Fort Dodge High School - Dodger Yearbook (Fort Dodge, IA)

 - Class of 1924

Page 1 of 250

 

Fort Dodge High School - Dodger Yearbook (Fort Dodge, IA) online yearbook collection, 1924 Edition, Cover
Cover



Page 6, 1924 Edition, Fort Dodge High School - Dodger Yearbook (Fort Dodge, IA) online yearbook collectionPage 7, 1924 Edition, Fort Dodge High School - Dodger Yearbook (Fort Dodge, IA) online yearbook collection
Pages 6 - 7

Page 10, 1924 Edition, Fort Dodge High School - Dodger Yearbook (Fort Dodge, IA) online yearbook collectionPage 11, 1924 Edition, Fort Dodge High School - Dodger Yearbook (Fort Dodge, IA) online yearbook collection
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Page 14, 1924 Edition, Fort Dodge High School - Dodger Yearbook (Fort Dodge, IA) online yearbook collectionPage 15, 1924 Edition, Fort Dodge High School - Dodger Yearbook (Fort Dodge, IA) online yearbook collection
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Page 8, 1924 Edition, Fort Dodge High School - Dodger Yearbook (Fort Dodge, IA) online yearbook collectionPage 9, 1924 Edition, Fort Dodge High School - Dodger Yearbook (Fort Dodge, IA) online yearbook collection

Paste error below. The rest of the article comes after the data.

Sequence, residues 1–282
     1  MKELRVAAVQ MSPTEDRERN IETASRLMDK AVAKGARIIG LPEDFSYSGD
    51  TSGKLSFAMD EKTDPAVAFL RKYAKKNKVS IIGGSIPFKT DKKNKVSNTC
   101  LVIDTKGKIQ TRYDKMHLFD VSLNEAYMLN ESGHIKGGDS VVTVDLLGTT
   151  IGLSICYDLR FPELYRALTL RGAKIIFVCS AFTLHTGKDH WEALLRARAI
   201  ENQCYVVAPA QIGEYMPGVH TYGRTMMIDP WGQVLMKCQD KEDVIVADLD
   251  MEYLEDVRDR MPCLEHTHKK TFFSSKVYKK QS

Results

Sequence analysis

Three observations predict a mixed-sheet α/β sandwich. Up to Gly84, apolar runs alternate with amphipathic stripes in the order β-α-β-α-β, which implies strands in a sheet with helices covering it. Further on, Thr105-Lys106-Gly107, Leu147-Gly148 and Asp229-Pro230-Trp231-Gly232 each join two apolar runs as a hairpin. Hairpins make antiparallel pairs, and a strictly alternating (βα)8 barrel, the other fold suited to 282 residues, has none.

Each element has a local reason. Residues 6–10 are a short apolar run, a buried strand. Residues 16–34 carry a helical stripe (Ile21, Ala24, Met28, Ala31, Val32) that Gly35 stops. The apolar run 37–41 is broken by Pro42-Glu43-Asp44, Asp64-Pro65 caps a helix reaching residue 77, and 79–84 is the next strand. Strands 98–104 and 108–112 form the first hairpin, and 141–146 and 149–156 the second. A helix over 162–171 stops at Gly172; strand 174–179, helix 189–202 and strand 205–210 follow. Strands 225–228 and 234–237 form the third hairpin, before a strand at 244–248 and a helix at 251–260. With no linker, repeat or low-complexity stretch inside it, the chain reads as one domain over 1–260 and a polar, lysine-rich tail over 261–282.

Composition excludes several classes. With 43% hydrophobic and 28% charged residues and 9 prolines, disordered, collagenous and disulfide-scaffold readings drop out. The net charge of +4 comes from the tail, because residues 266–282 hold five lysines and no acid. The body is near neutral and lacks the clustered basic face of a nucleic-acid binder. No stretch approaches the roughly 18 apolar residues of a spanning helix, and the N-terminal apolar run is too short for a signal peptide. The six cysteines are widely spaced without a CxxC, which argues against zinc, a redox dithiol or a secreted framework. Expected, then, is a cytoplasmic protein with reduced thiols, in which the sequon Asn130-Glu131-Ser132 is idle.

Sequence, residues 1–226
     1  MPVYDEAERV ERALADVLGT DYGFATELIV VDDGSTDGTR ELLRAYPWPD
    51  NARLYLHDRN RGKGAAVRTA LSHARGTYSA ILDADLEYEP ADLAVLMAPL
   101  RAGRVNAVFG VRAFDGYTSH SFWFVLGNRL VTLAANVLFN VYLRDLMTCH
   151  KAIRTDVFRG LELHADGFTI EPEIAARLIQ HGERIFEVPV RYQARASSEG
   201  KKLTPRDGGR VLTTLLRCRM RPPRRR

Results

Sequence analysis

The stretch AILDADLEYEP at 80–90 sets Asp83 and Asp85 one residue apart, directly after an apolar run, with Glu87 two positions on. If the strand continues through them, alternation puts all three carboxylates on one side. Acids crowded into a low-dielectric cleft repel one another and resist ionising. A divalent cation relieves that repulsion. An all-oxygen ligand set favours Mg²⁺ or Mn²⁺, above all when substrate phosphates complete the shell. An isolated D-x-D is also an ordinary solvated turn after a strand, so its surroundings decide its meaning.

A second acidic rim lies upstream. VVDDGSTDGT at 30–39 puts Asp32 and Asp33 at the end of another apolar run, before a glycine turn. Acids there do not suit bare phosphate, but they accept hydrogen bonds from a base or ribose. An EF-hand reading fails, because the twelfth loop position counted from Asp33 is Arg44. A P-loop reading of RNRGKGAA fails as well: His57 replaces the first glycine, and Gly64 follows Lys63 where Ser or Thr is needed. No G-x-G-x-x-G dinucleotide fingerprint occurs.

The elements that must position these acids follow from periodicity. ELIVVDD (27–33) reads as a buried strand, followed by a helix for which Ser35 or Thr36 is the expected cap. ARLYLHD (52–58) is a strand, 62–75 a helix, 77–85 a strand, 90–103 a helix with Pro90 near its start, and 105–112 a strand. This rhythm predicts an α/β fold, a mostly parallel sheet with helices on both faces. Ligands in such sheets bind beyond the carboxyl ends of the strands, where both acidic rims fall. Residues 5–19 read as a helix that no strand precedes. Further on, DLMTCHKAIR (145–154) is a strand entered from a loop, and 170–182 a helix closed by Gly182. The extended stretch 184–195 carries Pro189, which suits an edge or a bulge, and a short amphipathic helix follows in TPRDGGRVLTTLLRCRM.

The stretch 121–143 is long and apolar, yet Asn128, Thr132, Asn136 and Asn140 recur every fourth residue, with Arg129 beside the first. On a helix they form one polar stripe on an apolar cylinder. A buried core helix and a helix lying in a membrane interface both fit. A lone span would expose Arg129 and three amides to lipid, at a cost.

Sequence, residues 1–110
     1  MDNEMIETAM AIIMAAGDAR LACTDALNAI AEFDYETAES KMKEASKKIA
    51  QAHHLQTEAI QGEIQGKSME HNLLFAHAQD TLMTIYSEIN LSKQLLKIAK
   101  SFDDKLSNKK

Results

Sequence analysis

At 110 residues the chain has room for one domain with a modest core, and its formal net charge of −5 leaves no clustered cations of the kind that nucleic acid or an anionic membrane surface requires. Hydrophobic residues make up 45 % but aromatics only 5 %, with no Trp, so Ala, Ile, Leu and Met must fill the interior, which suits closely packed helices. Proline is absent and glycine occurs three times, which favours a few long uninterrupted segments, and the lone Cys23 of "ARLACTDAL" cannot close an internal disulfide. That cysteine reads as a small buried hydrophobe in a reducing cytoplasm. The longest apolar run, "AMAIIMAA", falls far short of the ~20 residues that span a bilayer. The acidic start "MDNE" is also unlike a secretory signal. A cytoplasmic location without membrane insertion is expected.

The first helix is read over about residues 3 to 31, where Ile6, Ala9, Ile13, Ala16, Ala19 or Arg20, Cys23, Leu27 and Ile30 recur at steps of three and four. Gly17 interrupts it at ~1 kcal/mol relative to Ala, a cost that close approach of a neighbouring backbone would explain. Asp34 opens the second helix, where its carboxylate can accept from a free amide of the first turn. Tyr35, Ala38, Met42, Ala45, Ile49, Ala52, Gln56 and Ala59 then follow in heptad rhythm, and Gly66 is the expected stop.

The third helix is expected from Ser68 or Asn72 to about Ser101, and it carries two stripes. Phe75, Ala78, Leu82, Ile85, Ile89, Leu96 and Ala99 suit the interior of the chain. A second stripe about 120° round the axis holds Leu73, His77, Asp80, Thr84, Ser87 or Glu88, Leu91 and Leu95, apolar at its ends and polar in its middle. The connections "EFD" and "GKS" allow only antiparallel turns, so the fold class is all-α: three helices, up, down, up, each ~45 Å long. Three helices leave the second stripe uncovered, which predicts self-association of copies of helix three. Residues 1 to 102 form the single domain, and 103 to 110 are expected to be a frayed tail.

Pages 8 - 9
Page 12, 1924 Edition, Fort Dodge High School - Dodger Yearbook (Fort Dodge, IA) online yearbook collectionPage 13, 1924 Edition, Fort Dodge High School - Dodger Yearbook (Fort Dodge, IA) online yearbook collection
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Page 16, 1924 Edition, Fort Dodge High School - Dodger Yearbook (Fort Dodge, IA) online yearbook collectionPage 17, 1924 Edition, Fort Dodge High School - Dodger Yearbook (Fort Dodge, IA) online yearbook collection
Pages 16 - 17

Text from Pages 1 - 250 of the 1924 volume: